Tomáš Hlavina: The Study Emanation in Accordance with Jamblichus

object - (plywood, glass bowls, light)
ambit of the convent

"This installation is one of the three parts of a more extensive study that deals with the three connections of Plato's theory of ideas. The other two parts (not shown) are: 
1. The Egyptian comprehension of the division of soul.
2. The hieroglyphic interpretation of Plato's Kratilos dialogue.
The Study Emanation in Accordance with Jamblich, or apparition of intelligible beings, has mostly been seen in Jamblich's publication on the Egyptian mysteries. Jamblich has a special, borderline position in Neoplatonist philosophy. The eastern cults - Persian and Jewish - have strong influences in Jambliche's philosophy. This can be seen in the unfolding of the intelligible world to the various branches of a hierarchy of intelligible beings.
These beings are possible to comprehend by means of the spirit only and are of no colour, shape or form. Jamblich writes of the Egyptian mysteries: 'The God's light is sometimes concentrated by means of water, because water is transparent and open to the light's reception.'"

Tomáš Hlavina, 1992


Iamblichus(245-325 CE) was a Syrian  Neoplatonist philosopher of Arab origin. He determined the direction that would later be taken by Neoplatonic philosophy. He was also the biographer of the Greek mystic, philosopher and mathematician Pythagoras. Iamblichus proposed that the soul was so completely descended into the body that it required a 'jolt' to awaken it. This jolt was provided by exposure to the presiding powers of the Kosmos, which could be invoked by means of magical ritual. The Neoplatonists were much derided in the 19th century for this practical approach to philosophy. Even at the time Iamblichus was taken to task by Porphyry for "forcing the gods" in the manner of a magician who forces the daimones to do his will using ritual, fumigations, secret names of power, and ritual artifacts. Iamblichus argued that the gods were not 'forced,' they acted out of love.
The goal of Iamblichan theurgy was the elevation or ascent of the soul, with an ultimate goal of unification with the divine. Implicit in the practice of theurgy is an esoteric psychology (literally, "knowledge of the soul") that accords the human soul an agency, dignity and divinity that depends less on external factors, such as grace, faith or good works, and more on self-knowledge. While it is difficult to detail all the assumptions on which theurgy depends, it is certainly consistent with the belief that the human soul is a fragment of the divine that has "fallen" into a relationship with the external and so forgotten its original nature and status. The soul is constituted like a hologram so that, as a fragment of a whole, it retains all the essential relationships found in the whole - that is, the soul is a "little kosmos" or microcosm. Because it reflects or mirrors the relationships of the Kosmos, it is part of the larger web of "sympathies," and manipulation of these sympathies by the use of  perfumes, flowers, stones, diagrams, divine names, music and poetry can arouse the corresponding elements within the soul.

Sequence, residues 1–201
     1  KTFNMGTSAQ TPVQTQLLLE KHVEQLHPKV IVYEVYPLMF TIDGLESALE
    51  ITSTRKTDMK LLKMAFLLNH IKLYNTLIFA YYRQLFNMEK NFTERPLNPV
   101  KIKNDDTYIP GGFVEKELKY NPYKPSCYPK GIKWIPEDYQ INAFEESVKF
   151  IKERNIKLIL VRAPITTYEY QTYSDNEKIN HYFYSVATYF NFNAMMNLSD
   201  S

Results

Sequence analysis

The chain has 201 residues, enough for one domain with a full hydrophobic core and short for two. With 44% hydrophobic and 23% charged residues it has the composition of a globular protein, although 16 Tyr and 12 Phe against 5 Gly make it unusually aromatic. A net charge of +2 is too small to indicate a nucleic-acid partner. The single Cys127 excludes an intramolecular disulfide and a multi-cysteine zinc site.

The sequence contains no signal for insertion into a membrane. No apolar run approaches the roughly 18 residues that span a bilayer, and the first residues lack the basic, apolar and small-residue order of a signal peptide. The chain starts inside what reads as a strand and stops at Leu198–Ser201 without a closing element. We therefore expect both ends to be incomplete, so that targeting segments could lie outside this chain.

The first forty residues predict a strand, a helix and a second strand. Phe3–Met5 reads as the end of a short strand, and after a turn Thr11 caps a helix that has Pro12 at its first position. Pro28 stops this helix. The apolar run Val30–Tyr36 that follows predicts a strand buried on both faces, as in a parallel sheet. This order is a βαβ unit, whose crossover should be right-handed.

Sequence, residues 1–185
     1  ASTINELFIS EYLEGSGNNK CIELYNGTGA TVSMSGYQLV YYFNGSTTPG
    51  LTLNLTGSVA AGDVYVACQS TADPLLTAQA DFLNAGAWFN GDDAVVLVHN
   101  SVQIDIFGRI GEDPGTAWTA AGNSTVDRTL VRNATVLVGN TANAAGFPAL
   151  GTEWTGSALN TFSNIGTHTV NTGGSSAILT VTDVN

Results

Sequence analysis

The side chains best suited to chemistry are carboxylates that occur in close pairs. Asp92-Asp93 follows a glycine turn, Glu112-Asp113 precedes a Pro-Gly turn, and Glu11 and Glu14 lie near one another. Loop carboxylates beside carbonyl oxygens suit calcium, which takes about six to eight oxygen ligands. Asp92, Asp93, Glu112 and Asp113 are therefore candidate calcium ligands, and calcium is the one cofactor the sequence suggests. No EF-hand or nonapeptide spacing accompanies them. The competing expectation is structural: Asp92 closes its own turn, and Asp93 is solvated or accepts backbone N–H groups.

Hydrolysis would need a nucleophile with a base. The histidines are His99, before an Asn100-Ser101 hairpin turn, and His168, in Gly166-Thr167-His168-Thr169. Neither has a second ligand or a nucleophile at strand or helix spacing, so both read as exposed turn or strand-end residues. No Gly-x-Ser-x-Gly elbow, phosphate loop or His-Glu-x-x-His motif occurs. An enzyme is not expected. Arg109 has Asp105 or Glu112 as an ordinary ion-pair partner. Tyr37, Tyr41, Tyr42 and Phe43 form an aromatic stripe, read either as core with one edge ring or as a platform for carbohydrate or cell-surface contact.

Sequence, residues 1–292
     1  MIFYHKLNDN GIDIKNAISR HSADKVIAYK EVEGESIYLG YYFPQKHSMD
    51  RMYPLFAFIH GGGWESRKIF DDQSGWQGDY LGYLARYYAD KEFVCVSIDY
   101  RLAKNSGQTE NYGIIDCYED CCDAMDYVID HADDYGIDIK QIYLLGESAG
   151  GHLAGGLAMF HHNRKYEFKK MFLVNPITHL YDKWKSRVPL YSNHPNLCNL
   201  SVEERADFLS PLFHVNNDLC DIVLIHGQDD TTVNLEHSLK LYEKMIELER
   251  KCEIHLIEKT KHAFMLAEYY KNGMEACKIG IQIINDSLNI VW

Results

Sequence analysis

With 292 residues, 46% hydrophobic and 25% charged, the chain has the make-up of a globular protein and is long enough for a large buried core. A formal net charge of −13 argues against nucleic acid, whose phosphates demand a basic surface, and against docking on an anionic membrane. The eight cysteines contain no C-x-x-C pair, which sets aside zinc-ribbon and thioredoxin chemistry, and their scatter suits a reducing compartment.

Tomáš Hlavina is  a Czech visual artist who lives and works in Prague, Czech Republic. Hlavina was born in 1966 in Děčín. Between 1986 - 1989 he studied art restoration and from 1989 - 1992 at the studio of Intermedia Studies under Prof. Milan Knižák at the Academy of Fine Arts in Prague, graduating with a Master of Fine Arts degree in 1992. In 1989, he received a five-month scholarship to the Academy of Fine Arts in Tbilisi (Georgia) where he studied medieval Georgian painting and architecture.
Hlavina has been exhibiting internationally since 1990, including at the Ludwig Forum in Aachen (1994), Museum of Modern Art in Vienna (1999), Fundació Joan Miró in Barcelona (2000) and Museé d'art Moderne in Saint-Etienne (2004), Prague Biennale 2 (2005), SITE Santa Fe (2006) and the National Gallery in Prague (2007) and most recently as a part of the large permanent collection of Hlavina's works at the Wannieck Gallery in Brno.
Hlavina is a recipient of grants from the Pollock-Krasner Foundation (1997), the Land Niedersachsen Kultusministerium in Germany (2003), and the Lannan Foundation (2006) and was an artist in residence at the MacDowell Colony (2004), Santa Fe Art Institute (2006) and the International Studio & Curatorial Program in New York (2009-2010).
Hlavina's objects and installations are usually very minimal pieces, very simple "models" made from wood, metal, plastic and string. There is no one single intention or interpretation for any piece, his objects are more a visual metaphor that is open to various contexts and interpretations. One could say that Hlavina's minimalistic works are more closely related to medieval art and to the art of ancient civilizations than to contemporary art. One remarkable feature is the underlying humour that pervades his work.

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